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Environmental Geochemistry and Health

, Volume 35, Issue 5, pp 569–584 | Cite as

Correlation analysis as a tool to investigate the bioaccessibility of nickel, vanadium and zinc in Northern Ireland soils

  • Sherry Palmer
  • Ulrich Ofterdinger
  • Jennifer M. McKinley
  • Siobhan Cox
  • Amy Barsby
Original Paper

Abstract

Correlation analyses were conducted on nickel (Ni), vanadium (V) and zinc (Zn) oral bioaccessible fractions (BAFs) and selected geochemistry parameters to identify specific controls exerted over trace element bioaccessibility. BAFs were determined by previous research using the unified BARGE method. Total trace element concentrations and soil geochemical parameters were analysed as part of the Geological Survey of Northern Ireland Tellus Project. Correlation analysis included Ni, V and Zn BAFs against their total concentrations, pH, estimated soil organic carbon (SOC) and a further eight element oxides. BAF data were divided into three separate generic bedrock classifications of basalt, lithic arenite and mudstone prior to analysis, resulting in an increase in average correlation coefficients between BAFs and geochemical parameters. Sulphur trioxide and SOC, spatially correlated with upland peat soils, exhibited significant positive correlations with all BAFs in gastric and gastro-intestinal digestion phases, with such effects being strongest in the lithic arenite bedrock group. Significant negative relationships with bioaccessible Ni, V and Zn and their associated total concentrations were observed for the basalt group. Major element oxides were associated with reduced oral trace element bioaccessibility, with Al2O3 resulting in the highest number of significant negative correlations followed by Fe2O3. spatial mapping showed that metal oxides were present at reduced levels in peat soils. The findings illustrate how specific geology and soil geochemistry exert controls over trace element bioaccessibility, with soil chemical factors having a stronger influence on BAF results than relative geogenic abundance. In general, higher Ni, V and Zn bioaccessibility is expected in peat soil types.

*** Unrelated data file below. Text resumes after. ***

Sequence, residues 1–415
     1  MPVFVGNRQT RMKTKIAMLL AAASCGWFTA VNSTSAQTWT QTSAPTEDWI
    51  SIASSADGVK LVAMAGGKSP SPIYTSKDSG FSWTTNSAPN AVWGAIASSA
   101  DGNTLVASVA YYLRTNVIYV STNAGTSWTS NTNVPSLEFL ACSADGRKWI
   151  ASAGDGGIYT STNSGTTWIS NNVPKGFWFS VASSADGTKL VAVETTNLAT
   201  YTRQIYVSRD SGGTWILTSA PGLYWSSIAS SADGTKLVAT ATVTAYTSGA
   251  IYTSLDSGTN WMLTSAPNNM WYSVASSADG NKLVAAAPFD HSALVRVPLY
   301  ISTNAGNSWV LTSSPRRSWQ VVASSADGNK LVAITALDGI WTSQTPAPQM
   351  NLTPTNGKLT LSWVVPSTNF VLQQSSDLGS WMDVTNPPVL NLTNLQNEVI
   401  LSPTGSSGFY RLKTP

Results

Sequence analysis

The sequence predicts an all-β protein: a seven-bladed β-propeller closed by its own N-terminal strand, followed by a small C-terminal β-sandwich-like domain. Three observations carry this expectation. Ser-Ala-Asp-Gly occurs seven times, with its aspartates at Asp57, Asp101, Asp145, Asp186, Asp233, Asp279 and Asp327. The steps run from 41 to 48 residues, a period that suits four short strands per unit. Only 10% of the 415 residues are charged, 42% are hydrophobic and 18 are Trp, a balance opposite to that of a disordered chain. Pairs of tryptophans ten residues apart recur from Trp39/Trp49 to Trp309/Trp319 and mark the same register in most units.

Keywords

Bioaccessibility Geogenic contamination Geochemistry Trace elements Human health risk assessment 

Notes

Acknowledgments

The authors would like to thank the Geological Survey of Northern Ireland for supplying the necessary geochemical and spatial data for this research. UBM testing at BGS Keyworth, Nottingham was funded by the BGS University Funding Initiative (BUFI). The Tellus Project was funded by the Northern Ireland Department of Enterprise, Trade and Investment and by the Rural Development Programme through the Northern Ireland Programme for Building Sustainable Prosperity. The authors declare that they have no conflict of interest either with the funders of this research or with the sponsors of this special edition.

Supplementary material

10653_2013_9540_MOESM1_ESM.docx (24 kb)
Supplementary material 1 (DOCX 25 kb)

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Copyright information

© Springer Science+Business Media Dordrecht 2013

Authors and Affiliations

  • Sherry Palmer
    • 1
  • Ulrich Ofterdinger
    • 1
  • Jennifer M. McKinley
    • 2
  • Siobhan Cox
    • 1
  • Amy Barsby
    • 2
  1. 1.School of Planning, Architecture and Civil EngineeringQueen’s UniversityBelfastUK
  2. 2.School of Geography, Archaeology and PalaeoecologyQueen’s UniversityBelfastUK

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